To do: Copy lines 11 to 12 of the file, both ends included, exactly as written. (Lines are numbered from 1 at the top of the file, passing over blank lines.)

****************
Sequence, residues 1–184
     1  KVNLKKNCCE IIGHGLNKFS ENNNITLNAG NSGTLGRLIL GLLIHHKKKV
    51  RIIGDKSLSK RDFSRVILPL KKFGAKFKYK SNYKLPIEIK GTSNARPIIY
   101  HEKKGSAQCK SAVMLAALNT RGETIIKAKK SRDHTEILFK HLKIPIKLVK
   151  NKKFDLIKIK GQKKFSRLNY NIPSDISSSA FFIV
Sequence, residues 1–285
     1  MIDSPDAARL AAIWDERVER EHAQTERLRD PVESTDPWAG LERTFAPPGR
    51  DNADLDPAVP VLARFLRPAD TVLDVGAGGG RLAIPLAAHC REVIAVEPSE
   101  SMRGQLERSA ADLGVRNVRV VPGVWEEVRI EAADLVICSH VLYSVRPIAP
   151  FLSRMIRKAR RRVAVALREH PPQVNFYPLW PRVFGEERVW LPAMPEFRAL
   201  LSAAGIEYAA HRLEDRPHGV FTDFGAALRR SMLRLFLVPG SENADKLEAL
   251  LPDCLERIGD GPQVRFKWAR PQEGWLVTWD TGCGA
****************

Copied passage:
   201  LSAAGIEYAA HRLEDRPHGV FTDFGAALRR SMLRLFLVPG SENADKLEAL
   251  LPDCLERIGD GPQVRFKWAR PQEGWLVTWD TGCGA